Fitzpatrick reels off the rest of the old gang, pausing at those who’re just about hanging on: “Frank has sadly passed but Aber [Billy Abercromby], my great pal from school, has tumours everywhere and been near death three times. It’s better for Torr [Bobby Torrance] who’s just found out his cancer’s in remission.” Then, returning to the subject of their mentor: “Fergie’s will-to-win was fierce but something else he had was love. That’s not so fashionable but we all need care and we all need love, don’t we?

“Of course, he was brilliant at the old psychology like when he buttered up refs. Their room was next to our team. He’d leave the door open so he could be heard saying: ‘Aye, this team we’re playing today are dirty but don’t worry, boys, we’ve got the best referee in the country in charge of the game.’”

Fitzpatrick, though, was no slouch at scams of which Fergie would be proud, even if it was the boss who was duped when the player’s father James pretended to be the family doctor phoning in a condition check. “Sir Alex had just arrived, a whirlwind, some guys were going to be for the off and I was desperate to play in his first game in charge even though I’d just had a bout of pleurisy. Sir Alex wanted a medical opinion. We didn’t have a phone and so borrowed the only one in our street. My mum, kidding on she was the surgery receptionist, was a bag of nerves but Dad’s impersonation was brilliant.”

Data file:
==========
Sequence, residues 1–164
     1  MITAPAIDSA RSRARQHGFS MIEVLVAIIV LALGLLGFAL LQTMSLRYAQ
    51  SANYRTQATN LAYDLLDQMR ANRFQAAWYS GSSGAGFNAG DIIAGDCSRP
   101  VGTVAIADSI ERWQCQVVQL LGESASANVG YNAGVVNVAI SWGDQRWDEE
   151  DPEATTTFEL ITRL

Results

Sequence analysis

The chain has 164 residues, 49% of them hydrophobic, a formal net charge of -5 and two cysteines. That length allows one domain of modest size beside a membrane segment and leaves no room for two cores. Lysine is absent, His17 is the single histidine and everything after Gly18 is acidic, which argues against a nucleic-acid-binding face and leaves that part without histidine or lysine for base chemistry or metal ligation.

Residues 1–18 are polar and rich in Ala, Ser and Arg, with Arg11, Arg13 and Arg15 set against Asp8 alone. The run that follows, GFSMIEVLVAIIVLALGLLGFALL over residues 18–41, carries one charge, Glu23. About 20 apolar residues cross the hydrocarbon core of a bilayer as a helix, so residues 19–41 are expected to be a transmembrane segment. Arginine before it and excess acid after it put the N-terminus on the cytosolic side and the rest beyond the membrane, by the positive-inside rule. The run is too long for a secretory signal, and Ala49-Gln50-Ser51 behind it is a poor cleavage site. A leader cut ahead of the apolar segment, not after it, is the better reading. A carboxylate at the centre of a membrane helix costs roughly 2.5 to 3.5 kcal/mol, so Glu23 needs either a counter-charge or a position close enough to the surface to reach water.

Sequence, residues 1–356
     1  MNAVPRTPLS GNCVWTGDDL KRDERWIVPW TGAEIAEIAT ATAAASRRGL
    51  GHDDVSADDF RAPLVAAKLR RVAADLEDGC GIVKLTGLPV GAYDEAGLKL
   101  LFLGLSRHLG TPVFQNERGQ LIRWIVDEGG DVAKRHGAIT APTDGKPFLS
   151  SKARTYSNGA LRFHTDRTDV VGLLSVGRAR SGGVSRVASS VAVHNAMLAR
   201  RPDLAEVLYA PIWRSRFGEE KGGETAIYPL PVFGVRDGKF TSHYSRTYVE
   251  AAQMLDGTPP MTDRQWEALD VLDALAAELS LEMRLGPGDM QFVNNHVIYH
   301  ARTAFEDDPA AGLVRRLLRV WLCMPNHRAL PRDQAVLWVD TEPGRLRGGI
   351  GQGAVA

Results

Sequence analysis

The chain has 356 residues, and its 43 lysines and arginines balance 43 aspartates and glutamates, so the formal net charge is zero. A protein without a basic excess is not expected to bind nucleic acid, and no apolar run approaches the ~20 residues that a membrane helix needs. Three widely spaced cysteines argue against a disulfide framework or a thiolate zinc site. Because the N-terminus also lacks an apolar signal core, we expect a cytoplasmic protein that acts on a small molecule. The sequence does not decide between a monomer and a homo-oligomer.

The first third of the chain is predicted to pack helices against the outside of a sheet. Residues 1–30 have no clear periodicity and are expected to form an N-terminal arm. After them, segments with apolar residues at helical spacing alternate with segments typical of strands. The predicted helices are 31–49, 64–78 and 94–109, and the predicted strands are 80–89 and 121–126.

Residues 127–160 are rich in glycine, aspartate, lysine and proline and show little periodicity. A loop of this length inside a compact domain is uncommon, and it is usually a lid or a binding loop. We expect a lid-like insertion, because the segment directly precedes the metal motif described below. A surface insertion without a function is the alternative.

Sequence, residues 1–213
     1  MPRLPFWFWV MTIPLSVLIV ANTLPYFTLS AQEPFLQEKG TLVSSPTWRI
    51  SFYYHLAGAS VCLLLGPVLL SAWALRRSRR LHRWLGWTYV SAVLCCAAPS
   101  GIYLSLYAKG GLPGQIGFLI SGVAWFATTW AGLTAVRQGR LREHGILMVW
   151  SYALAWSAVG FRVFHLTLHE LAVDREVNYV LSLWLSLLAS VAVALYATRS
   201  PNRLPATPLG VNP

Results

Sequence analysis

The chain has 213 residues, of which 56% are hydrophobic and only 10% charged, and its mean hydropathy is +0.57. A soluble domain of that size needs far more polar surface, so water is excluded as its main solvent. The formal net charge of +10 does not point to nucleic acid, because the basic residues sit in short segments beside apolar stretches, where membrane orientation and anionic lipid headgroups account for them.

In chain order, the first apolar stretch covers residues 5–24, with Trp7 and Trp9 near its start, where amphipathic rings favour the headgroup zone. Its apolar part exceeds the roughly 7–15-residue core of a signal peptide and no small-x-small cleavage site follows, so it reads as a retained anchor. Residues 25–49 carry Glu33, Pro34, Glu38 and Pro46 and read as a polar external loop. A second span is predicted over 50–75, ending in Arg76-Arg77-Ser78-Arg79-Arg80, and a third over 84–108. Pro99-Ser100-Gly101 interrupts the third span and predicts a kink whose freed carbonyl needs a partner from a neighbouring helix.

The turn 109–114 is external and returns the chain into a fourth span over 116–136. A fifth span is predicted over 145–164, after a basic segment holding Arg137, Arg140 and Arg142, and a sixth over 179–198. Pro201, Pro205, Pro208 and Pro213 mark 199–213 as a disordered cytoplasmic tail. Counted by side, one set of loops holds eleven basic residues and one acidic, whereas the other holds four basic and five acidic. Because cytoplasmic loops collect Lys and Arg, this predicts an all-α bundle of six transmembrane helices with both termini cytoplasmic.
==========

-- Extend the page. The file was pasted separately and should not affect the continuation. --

Then later, in his first stint as manager, the club in severe danger of being relegated, Fitzpatrick faked a Stirling Albion dossier on his ailing team which he left lying around the changing-room. He hoped the damning assessments – “Can’t run … Terrible on his left … Hit hard and he crumbles” – would rile the players to a vital victory and was proved right.

Fergie was sacked for alleged contract breaches. Fitzpatrick gave evidence on his behalf at an industrial tribunal but, disillusioned by his departure, moved to Bristol City, then in England’s top flight and managed, 20-odd postings earlier in a long career, by Roy Hodgson. Two years later, though, he was back in Paisley.